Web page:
Magazines like RUNNER'S WORLD never write about spit. How to hork it, properly. The best way to get the perfect arc so that your own saliva doesn't get whipped by the wind and end up lashing your cheek. Getting enough built up in your mouth so that you can get it rid of it all without a refill in your throat only one minute later. The first few races I ran in high school ended with people pointing a finger at me, pointing out with some scorn that something was up with my face: "That's gross, bud. Better wipe that shit." One of the the first lessons I had that most of life's necessary education consists solely of stuff that nobody ever puts down in print.
You spit all the time when you run. In winter, it's a cold, half-way frozen glob of mucus that's icy-smooth and tactile; in summer, its' consistency has a tight cozy warmth that you almost don't want to let go. I almost look it that glop as an offering of sorts -- a rich, up-from-within expression of all that I've exerted. This part of me is getting out, via my throat or my nostril (the nose-snort being another example of a technique one must refine to prevent endless stoppage), and it's a nasty part of me, to be sure, but it's also an earned part, a part of myself that feels like an exit and reward for what I put my whole body through, a minor gift-bag whose taker is nature, the pavement or the trails whose grass over the years has formed its own winding path. Nowhere else, other than on a run, can you spit and get away with it, literally, because you're running beyond your own muck left behind. In my most ridiculous moments, I have images of my stuff mingling with rich soil and dark mud and budding plants rising up. One of the most biologically pure and dense factions of my cells has added its own biological concoction to the blend of our earth. Those same cells that allow me to spell, and divide, and watch a sunset's crimson fall, all occasionally mingle towards a future mosaic of life.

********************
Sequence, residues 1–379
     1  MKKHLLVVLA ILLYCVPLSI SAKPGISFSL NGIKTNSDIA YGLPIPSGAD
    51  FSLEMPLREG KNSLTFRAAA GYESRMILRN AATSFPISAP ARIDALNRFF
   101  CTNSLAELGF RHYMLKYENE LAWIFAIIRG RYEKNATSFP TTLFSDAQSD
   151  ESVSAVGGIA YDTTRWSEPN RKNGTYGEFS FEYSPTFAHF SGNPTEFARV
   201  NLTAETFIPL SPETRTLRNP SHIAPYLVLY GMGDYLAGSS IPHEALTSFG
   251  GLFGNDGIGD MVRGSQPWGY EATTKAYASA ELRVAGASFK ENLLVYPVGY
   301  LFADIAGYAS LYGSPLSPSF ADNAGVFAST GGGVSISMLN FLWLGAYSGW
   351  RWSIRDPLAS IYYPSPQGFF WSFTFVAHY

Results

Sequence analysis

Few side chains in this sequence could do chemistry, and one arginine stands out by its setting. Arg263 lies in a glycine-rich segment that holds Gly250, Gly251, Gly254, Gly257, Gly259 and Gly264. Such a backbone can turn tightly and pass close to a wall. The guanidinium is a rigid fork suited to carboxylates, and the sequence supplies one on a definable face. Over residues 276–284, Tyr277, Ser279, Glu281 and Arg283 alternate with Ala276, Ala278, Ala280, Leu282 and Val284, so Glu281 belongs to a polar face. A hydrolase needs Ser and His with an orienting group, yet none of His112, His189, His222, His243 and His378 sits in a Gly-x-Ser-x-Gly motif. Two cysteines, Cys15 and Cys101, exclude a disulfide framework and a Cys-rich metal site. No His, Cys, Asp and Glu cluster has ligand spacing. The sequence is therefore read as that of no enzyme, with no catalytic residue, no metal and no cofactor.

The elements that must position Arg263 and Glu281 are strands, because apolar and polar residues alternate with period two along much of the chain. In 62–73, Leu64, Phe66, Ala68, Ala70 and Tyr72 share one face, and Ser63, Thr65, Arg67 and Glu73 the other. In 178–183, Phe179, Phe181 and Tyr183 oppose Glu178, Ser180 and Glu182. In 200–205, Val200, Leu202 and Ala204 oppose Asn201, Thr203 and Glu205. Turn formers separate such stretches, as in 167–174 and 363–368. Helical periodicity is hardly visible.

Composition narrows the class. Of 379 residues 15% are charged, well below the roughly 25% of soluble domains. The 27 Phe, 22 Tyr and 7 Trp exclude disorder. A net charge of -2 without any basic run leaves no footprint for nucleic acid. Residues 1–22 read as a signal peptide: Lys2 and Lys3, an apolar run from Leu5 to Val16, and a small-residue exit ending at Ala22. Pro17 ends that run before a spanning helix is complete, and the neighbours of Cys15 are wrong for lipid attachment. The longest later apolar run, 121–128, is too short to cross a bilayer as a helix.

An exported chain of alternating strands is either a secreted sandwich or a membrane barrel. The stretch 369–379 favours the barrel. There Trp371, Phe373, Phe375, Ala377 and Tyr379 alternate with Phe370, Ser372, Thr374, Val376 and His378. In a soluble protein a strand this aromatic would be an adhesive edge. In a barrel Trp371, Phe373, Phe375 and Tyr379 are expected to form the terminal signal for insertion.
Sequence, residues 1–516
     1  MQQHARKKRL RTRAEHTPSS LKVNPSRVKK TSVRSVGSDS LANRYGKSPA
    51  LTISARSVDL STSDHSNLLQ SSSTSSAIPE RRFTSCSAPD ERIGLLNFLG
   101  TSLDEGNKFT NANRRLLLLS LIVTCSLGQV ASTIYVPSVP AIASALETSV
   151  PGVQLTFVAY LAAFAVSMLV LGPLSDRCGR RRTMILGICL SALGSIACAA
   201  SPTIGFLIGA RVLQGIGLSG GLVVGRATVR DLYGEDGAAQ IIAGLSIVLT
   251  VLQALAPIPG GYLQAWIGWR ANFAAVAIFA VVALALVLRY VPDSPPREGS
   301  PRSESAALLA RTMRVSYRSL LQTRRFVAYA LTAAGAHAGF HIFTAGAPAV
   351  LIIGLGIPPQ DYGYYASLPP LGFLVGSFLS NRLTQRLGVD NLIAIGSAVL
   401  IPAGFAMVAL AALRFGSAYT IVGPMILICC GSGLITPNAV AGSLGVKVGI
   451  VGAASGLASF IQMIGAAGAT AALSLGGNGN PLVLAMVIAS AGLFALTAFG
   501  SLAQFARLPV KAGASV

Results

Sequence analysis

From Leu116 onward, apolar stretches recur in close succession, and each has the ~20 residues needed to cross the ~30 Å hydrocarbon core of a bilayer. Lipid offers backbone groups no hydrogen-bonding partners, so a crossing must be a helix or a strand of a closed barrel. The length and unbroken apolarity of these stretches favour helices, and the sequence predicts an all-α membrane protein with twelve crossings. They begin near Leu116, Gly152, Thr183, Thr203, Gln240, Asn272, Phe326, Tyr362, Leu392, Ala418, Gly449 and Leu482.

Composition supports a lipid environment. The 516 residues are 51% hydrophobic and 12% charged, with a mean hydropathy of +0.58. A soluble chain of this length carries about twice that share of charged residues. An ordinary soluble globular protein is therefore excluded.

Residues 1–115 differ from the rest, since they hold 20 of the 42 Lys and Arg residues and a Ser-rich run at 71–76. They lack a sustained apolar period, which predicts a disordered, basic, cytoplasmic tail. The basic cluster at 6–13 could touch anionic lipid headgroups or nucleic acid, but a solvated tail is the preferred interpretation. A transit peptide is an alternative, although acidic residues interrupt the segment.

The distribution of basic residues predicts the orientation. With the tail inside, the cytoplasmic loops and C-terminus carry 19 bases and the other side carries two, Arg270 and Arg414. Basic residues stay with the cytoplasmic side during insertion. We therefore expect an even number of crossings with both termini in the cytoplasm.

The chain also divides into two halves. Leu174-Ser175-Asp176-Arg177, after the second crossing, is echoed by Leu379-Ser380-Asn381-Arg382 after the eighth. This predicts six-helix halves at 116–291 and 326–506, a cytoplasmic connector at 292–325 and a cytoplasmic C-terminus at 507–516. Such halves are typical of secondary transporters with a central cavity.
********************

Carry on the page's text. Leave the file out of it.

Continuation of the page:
I'm sorry if you find all this a bit much. (I do, too.) Yet nobody talks about the snot and saliva we discard on our jogs. There must be gallons of this shit on the earth every day of the year. In these delicate moments of maintenace, I feel distinctly human and base. High-falutin', perhaps, considering we're talking about spit, yet also low and animal-like, a perfect blend of human contradictions. Maintaining etiquette in such matters while waxing philosophical is an uneasy alliance. Kind of inane, I know. Yet somebody's gotta say it. And as long as I remember to wipe my face now and then, I should be good to go.